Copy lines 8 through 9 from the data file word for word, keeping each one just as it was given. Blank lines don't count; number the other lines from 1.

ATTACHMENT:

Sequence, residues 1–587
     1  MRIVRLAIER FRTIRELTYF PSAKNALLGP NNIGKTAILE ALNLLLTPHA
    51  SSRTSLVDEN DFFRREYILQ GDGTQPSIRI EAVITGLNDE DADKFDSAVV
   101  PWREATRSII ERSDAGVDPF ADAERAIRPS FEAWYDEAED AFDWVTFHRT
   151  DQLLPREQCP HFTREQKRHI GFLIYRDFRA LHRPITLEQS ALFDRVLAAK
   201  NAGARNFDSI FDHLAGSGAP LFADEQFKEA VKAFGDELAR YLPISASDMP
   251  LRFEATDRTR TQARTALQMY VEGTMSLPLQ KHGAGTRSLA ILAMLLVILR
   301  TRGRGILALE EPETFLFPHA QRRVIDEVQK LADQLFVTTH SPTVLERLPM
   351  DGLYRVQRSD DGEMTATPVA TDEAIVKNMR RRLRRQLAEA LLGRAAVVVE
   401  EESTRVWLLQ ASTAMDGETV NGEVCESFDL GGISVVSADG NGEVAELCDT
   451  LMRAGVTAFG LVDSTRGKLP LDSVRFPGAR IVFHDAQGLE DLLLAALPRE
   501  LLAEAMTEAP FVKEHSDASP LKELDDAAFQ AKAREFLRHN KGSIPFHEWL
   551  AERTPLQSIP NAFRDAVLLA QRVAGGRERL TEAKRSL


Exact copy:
   301  TRGRGILALE EPETFLFPHA QRRVIDEVQK LADQLFVTTH SPTVLERLPM
   351  DGLYRVQRSD DGEMTATPVA TDEAIVKNMR RRLRRQLAEA LLGRAAVVVE